How the Lockout Can Improve Changes in the Game We Love

Gordon Gekko once said, “Greed, for lack of a better word, is Good.”

Whether or not that is actually true, remains up for debate. We could argue that greed caused the economy to falter, and we would have a good argument. We could argue that greed is infectious. Or, like Gordon Gekko once said, we could argue that greed is good.

I happen to believe that greed, when overused, is bad. I think it can be okay to be greedy, as long as it doesn’t hurt others. But that’s another debate for another day.

The NFL lockout could be chalked up to greed. The NFL is incredibly profitable. Teams in small markets can succeed with one star player as much as teams in big markets. This isn’t the NBA. The NFL is widespread. The NFL is American. And the NFL is locked out. Because owners want more money, because players want more money. Because, quite frankly, they can.

So, in this case, greed isn’t that good. Greed has caused pain for fans, suffering for restaurant owners and people who depend on the NFL for jobs, and uncertainty for all.

But, with this greed, comes opportunity. The owners and players are negotiating, and from those talks could come real changes. While the NFL is profitable and enjoyable, there are still some real problems. This lockout has the opportunity to bring about real changes. If they are smart, here’s what could happen.

-The Adoption of a Rookie Wage Scale

I’ve written about this before, but it’s past time. The line between bust and star is thin. Injuries can happen in a second. More than that, a bust handcuffs a franchise for years, especially when it’s a high pick, especially when it’s a quarterback. A rookie wage scale needs to be implemented, if only to save teams from disaster.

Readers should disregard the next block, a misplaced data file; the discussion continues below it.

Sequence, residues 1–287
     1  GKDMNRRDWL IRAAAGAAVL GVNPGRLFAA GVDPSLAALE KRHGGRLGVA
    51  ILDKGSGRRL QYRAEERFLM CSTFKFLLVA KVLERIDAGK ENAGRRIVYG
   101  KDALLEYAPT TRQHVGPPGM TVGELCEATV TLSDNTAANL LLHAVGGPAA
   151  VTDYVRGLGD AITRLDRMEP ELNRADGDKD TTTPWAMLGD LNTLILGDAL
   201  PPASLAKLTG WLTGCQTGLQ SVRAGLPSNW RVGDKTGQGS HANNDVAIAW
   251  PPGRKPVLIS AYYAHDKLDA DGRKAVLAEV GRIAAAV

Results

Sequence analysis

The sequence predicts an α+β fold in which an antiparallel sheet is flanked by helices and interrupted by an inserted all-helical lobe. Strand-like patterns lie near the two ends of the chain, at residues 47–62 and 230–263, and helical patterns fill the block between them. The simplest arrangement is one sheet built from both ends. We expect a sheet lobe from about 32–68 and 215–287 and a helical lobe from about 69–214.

-The Elimination of Two Preseason Games

Preseason has its place. All major sports use it. It’s used to decide the last few roster spots, to decide a position battle. It’s important. However, the way it’s being used is not important. 4 games, 3 of which starters barely play. Yet, teams charge full price. If we eliminate 2 games, bringing the total to two, which is all is really needed, would save fans money, as well as eliminate the risk of unnecessary injuries. Revenue isn’t that important.

-50-50 Revenue Split

This is one of the biggest issues. A 50-50 revenue split is fair. Owners get half, players get half. It’s fair.

-Better Benefits For Retired Players

Retired players are struggling with injuries, caused by the violent nature of the sport. Often times, they can’t pay for the health care costs. That’s not right. It’s not right in America, and it’s not right in the NFL. The NFL needs to take better care of it’s own.

-The Adoption of Safer Helemts

Concussions are a real, major issue. New helmet technology is making great advancements. It should be universally adopted. I don’t care if it looks weird, or whatever the current complaint is. It’s safer.

These are just some changes that would benefit from the lockout. There are probably more. The lockout is awful. But, in this case, greed could be good. If it’s used right.

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One Response to “How the Lockout Can Improve Changes in the Game We Love”

  1. Renegade says:

    “Revenue isn’t that important.”

    Wow! Really! The numbers I have seen indicate that $200,000,000 ($200 Million) is generated for each preseason game set. Do you honestly believe that elimnating $400,000,000 is not important to the owners (and the players – they would be required to reduce their contracts). Come on.